Georgia military bases and contractors are not the only ones feeling the pinch of the sequester. The state’s top universities are seeing federal research grants slashed as a result of the across the board federal funding cuts. And that’s threatening not only important fields of study, but also high-paying jobs.
On a sunny spring afternoon at Emory University, researchers are buzzing about the Winship Cancer Institute there.
The institute’s labs are designed like open library stacks, with row after row of work benches designed to foster collaboration.
Students and researchers are busy preparing samples and peering at specimens under microscopes.
But the swarm of activity belies a grim funding scenario.
Workers in Professor Adam Marcus’s lab study cancer cell biology, with an eye toward helping patients beat fatal diagnoses. And he says they’re already seeing the impact of the sequester on the federal grant that funds their work.
“Every year we get a notice of award, and that’s based upon a review of our progress every year,” he said during a tour of his lab. “So we get a notice of award and I recently received mine. And instead of it being for 12 months, it’s for six months.”
He says it also came with a ten percent cut that researchers across the country are seeing because of the sequester.
And that has a trickle-down effect. With the help of the research grant, he employs ten people.
“You know, this impacts us on several levels,” he said. “Graduate students, we have trainees, post-doctoral fellows, we have full-time researchers. They are all supported off this federal money. So we’re not just talking about petri dishes here. We’re talking about people’s jobs.
Georgia’s top universities have been preparing for the sequester for months. They hoped politicians in Washington would strike a deal on taxes to avoid the across-the-board spending cuts they had scheduled.
When Pres. Obama and Congress failed to agree in March, making the spending cuts unavoidable, university officials began to carry out their plans.
For Georgia Tech, alone, it means an estimated $40 million loss in federal research grants. That’s because the university is expecting an 8 percent cut in defense research and a 5 percent cut for other projects.
Georgia Regents University in Augusta will also feel the pinch.
Mark Hamrick, the university’s senior Vice President for Research, says that stems from cuts in grants from the National Institutes of Health. And he worries about Georgia’s efforts to boost high paying jobs.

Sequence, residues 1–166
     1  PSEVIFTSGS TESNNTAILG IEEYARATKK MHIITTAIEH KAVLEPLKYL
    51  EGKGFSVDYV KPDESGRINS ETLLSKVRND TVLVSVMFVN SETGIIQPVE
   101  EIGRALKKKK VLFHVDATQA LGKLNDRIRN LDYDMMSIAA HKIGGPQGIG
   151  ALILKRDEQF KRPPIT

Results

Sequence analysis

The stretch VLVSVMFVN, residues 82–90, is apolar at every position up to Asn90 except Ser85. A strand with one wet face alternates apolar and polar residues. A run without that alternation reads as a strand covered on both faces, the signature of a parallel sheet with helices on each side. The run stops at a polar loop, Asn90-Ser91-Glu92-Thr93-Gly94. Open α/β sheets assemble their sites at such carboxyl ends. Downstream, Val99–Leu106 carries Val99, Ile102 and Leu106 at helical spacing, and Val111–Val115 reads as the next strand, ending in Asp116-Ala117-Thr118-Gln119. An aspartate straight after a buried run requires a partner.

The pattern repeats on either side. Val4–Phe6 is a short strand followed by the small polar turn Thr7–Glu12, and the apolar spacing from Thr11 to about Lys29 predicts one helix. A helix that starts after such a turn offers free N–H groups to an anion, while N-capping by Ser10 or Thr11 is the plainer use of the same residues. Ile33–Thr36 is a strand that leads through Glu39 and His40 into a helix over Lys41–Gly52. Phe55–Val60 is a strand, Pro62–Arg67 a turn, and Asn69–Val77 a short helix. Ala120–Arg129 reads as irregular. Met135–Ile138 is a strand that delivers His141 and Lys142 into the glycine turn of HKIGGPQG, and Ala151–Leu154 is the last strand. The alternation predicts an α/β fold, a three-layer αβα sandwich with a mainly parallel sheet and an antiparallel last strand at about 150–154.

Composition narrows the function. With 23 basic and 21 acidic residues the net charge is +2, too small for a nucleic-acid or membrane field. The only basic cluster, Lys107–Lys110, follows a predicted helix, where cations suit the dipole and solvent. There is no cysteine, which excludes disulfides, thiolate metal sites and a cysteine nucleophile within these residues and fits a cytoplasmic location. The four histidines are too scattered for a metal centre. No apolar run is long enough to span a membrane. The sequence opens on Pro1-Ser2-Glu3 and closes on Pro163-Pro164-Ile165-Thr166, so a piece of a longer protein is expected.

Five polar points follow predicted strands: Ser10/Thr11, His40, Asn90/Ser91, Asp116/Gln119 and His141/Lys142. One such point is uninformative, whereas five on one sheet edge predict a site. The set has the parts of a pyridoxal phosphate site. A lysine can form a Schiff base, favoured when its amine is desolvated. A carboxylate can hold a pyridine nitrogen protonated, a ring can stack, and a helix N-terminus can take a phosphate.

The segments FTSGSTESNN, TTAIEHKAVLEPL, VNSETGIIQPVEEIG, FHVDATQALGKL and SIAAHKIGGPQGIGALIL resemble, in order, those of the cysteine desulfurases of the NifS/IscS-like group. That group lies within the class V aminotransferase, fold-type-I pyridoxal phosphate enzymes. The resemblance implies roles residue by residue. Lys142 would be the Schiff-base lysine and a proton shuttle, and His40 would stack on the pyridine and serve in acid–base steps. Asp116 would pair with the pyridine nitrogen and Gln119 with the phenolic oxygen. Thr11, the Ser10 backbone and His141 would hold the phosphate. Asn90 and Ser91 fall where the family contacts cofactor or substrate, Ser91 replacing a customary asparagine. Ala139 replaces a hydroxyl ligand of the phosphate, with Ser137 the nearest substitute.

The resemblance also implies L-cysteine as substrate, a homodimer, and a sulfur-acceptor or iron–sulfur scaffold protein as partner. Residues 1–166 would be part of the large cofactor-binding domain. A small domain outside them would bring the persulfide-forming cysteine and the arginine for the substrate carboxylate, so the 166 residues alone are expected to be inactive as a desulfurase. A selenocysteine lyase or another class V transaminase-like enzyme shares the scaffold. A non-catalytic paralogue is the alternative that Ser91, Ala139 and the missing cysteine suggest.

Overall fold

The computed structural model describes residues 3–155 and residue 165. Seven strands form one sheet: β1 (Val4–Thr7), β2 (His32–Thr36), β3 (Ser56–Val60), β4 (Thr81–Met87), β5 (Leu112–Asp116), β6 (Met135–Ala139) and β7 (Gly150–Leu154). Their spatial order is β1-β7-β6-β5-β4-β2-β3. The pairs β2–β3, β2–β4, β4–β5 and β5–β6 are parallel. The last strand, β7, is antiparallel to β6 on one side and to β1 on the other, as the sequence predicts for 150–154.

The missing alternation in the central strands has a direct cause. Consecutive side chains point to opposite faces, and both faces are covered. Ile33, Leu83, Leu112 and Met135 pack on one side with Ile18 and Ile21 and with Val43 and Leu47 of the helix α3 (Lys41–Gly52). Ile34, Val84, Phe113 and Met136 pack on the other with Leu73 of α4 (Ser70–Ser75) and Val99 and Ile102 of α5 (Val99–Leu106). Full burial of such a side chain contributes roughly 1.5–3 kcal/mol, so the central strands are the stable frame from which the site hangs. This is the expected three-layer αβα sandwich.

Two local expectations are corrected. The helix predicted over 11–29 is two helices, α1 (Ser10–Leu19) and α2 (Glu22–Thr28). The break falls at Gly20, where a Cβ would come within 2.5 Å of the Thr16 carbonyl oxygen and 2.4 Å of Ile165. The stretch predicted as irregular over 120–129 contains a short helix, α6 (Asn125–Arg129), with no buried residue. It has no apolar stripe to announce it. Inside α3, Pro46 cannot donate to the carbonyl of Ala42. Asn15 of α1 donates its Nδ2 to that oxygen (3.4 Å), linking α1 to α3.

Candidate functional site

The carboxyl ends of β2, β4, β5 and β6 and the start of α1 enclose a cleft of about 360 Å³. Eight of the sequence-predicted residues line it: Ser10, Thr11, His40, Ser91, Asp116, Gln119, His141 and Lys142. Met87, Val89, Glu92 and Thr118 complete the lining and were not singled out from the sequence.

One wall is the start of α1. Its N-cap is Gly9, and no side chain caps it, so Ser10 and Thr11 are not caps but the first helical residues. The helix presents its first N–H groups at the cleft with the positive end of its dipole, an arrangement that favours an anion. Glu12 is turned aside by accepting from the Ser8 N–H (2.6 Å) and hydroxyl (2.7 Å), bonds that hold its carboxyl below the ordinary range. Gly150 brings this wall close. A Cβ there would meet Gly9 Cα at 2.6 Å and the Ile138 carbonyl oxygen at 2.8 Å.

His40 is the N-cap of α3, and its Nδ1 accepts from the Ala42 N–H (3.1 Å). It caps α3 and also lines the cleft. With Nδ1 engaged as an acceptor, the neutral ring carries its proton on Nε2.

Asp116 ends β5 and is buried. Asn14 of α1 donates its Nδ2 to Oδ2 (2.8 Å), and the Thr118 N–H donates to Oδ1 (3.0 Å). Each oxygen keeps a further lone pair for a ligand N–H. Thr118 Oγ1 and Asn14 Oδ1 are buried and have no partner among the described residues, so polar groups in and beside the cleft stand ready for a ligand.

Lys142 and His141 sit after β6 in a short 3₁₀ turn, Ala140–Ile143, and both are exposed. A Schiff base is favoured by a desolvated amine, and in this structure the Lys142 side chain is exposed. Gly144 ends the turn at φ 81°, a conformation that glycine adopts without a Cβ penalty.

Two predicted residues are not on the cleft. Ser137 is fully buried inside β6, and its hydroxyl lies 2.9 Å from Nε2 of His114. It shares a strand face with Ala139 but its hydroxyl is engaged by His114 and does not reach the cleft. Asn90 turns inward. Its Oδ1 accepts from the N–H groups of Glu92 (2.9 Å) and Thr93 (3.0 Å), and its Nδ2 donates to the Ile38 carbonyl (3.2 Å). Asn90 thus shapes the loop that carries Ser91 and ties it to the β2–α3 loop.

“As the NIH funds decline, the success rate becomes lower and people’s funding becomes more precarious, they’re less likely to take on a graduate student because it will probably a student four years to finish and get a PhD,” he said. “So this impacts workforce development across the state.”
Over at Emory's medical school, Ray Dingledine, the research dean, says he’s already grappling with the sequester’s impact on jobs. The cuts will mean a $17 million deficit between now and September.
“Of that, about $8 million is salaries,” he said during an interview at his office. “And so we are scrambling now to figure out ways to minimize the risk to very skilled jobs -- a number of very skilled jobs are at risk.”
Emory grad student Scott Wilkinson says he just wants to figure out ways to keep people from dying from cancer.
But he’s finding out how important federal funding is to his work. He’s taking a grant-writing course so he can get his application for funds just right.
“It’s so much more competitive with less dollars around,” he said on a break from research. “So we’re having to spend a lot of our time learning how to make it as perfect as possible and actually taking away from getting as much science done because we’re spending so much time trying to get the political side right.”
Wilkinson may have to get the political side right for a long time. Dingledine, the research dean, says he expects more sequester-related cuts in research grants in September.
“I think the most likely option is there will be another 3 percent cut on top of the five percent that NIH has already cut,” he said.
Officials at Georgia Tech and Emory say it may take a few years before federal grant funds start to rise. And so they’re looking for other institutions – in industry, for example – to pay for the research that lengthens Georgians’ lives, provides good jobs and keeps the state’s economy humming.